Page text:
Email received August 10th 2011
Regarding today's article on your site, I have recently been looking at the prevalence of TB in badgers and cattle, and I have recorded what I found at .
I found Ref 8 on the above page interesting because I think it implies that half the infected cage-trapped badgers, which showed symptoms in a more thorough examination, had been missed in results of examinations reported in the RBCT report.
As you probably already know the full Krebs report at
looks at the prevalence in badgers from various road kill pre 1997. It also compares the prevalence in badgers measured in the live trial and the interim strategy. Such prevalences came out at 37.5% and 34.1% respectively.
The following is an extract taken from work reported by J.Gallagher and R.S. Clifton-Hadley.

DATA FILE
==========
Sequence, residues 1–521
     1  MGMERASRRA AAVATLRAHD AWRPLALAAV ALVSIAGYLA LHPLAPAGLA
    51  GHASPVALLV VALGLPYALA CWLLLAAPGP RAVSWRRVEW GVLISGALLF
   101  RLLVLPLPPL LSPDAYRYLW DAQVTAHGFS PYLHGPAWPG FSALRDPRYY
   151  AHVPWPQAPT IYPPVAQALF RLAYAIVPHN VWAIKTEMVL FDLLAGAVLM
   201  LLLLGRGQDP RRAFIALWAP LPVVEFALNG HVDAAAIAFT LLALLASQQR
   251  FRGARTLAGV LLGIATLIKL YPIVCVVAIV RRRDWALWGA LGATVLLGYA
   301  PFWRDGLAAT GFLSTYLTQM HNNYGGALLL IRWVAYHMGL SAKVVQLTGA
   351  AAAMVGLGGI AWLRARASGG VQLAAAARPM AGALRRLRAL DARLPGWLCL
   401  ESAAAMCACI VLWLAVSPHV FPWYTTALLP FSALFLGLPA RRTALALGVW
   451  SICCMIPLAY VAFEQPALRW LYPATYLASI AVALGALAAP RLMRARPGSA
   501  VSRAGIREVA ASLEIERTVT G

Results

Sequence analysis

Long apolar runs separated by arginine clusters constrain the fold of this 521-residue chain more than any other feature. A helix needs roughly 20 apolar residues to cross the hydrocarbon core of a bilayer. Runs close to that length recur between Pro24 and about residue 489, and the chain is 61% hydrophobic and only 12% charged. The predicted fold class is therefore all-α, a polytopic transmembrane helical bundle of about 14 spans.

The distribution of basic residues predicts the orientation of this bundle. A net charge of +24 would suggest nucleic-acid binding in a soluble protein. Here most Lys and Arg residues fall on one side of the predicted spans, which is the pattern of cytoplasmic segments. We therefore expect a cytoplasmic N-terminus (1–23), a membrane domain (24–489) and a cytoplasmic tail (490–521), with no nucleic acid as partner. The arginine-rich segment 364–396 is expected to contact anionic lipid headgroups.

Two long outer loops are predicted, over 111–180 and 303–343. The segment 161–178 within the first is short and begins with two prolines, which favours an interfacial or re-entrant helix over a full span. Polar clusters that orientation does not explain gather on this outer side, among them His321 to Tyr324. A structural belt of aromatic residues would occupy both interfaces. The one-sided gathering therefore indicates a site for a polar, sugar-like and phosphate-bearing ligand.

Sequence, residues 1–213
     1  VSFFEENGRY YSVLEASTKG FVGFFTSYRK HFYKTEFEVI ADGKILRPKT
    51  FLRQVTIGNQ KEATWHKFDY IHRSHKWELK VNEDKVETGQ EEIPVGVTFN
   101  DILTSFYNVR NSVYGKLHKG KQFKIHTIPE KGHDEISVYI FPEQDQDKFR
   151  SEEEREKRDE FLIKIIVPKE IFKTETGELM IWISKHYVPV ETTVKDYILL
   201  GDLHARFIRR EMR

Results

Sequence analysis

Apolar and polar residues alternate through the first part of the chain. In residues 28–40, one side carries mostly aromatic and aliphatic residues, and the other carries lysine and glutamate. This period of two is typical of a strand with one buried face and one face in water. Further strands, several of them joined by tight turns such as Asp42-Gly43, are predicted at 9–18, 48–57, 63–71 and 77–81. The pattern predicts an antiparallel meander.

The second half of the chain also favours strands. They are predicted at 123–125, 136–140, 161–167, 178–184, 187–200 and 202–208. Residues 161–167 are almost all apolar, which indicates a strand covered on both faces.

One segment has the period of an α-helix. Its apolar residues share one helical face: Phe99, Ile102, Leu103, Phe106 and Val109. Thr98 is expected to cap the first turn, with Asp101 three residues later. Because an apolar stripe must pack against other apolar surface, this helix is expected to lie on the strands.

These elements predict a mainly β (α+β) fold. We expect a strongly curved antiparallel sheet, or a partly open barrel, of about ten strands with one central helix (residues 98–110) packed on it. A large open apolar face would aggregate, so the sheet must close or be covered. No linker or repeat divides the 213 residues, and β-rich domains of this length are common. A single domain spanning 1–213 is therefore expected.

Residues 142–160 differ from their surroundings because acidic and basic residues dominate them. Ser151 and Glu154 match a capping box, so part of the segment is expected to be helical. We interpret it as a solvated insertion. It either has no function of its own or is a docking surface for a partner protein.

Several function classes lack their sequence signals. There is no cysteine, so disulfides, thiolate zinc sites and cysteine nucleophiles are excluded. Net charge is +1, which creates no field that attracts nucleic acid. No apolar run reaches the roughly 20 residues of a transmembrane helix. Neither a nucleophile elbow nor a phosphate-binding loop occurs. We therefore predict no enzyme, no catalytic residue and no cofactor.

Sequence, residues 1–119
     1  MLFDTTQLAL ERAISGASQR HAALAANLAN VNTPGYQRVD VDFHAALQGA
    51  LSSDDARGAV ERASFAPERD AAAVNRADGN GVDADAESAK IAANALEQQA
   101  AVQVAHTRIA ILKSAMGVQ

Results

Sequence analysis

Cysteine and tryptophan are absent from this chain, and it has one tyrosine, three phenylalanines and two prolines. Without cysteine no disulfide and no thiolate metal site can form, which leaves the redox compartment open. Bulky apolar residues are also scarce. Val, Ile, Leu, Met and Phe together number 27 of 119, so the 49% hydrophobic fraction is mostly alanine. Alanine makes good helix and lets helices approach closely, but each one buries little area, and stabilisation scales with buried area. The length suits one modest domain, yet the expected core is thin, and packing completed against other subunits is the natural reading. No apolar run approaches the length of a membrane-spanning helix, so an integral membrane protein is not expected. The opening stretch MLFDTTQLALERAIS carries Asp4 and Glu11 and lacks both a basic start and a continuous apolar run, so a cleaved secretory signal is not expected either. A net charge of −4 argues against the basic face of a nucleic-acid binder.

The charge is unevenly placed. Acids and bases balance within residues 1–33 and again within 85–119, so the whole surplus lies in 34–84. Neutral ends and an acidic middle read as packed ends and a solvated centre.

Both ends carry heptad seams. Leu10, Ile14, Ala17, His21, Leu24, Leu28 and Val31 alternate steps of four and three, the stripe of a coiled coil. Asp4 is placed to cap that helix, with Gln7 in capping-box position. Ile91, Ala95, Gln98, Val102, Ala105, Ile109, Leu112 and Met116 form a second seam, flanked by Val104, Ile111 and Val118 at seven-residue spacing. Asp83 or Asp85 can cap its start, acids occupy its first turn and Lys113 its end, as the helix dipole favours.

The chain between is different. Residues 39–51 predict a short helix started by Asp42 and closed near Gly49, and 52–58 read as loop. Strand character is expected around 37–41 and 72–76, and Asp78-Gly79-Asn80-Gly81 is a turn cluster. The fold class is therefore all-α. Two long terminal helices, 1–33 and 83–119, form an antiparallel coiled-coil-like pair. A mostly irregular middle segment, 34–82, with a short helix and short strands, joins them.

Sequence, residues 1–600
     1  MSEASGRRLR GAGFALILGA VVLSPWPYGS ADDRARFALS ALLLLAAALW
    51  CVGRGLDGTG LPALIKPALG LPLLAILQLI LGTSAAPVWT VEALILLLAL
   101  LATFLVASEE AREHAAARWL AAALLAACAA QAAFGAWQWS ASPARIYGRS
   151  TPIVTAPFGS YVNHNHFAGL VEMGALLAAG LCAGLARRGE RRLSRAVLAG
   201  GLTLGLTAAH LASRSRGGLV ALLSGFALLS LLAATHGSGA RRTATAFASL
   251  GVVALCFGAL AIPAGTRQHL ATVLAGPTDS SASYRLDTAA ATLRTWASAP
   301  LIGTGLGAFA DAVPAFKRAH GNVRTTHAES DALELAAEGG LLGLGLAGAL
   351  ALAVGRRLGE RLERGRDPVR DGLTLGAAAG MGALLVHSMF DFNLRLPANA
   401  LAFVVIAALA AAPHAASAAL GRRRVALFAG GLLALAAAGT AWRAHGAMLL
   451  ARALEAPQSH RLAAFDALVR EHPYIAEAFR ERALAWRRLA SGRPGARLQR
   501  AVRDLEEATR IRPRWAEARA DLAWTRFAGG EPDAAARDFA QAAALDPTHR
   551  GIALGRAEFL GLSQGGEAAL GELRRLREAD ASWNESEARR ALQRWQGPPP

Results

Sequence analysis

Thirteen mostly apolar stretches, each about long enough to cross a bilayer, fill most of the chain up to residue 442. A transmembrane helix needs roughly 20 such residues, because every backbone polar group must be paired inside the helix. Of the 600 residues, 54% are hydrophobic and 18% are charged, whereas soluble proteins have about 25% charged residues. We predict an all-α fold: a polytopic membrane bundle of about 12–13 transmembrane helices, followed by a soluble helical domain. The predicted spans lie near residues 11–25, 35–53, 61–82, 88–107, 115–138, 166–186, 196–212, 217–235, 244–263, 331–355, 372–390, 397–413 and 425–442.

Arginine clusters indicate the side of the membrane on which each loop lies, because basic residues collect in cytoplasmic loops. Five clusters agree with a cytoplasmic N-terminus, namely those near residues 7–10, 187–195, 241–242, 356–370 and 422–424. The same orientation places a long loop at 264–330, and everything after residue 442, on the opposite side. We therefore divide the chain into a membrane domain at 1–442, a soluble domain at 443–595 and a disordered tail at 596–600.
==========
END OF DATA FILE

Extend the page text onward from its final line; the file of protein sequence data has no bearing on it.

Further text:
Nolan (1991) identified an immuno-dominant component of M.bovis which was present in all isolates examined and absent from other mycobacteria. Using this she developed a blocking ELISA. This was later developed into an indirect ELISA using the highly specific 25 kDa antigen (Goodger et al., 1994). Field trials of this test showed a very high specificity of 94.3% but its sensitivity was low at 40.7%. However, the sensitivity was significantly higher, 62.3%, in animals found to have gross lesions.
Hence even if the ELISA test is performed on badgers which all have gross lesions, typically just over a third of these badgers will not be picked up by the ELISA test. I understand that this is a measure of the performance of the test developed in 1994. I do not know if there have been significant advances since then.
Badgers sanctuaries use the ELISA test prior to releasing badgers cubs back into the wild. According to their voluntary protocol they test the cubs three times over a sufficiently long time scale to improve the detection rate. The link below shows a copy of this protocol.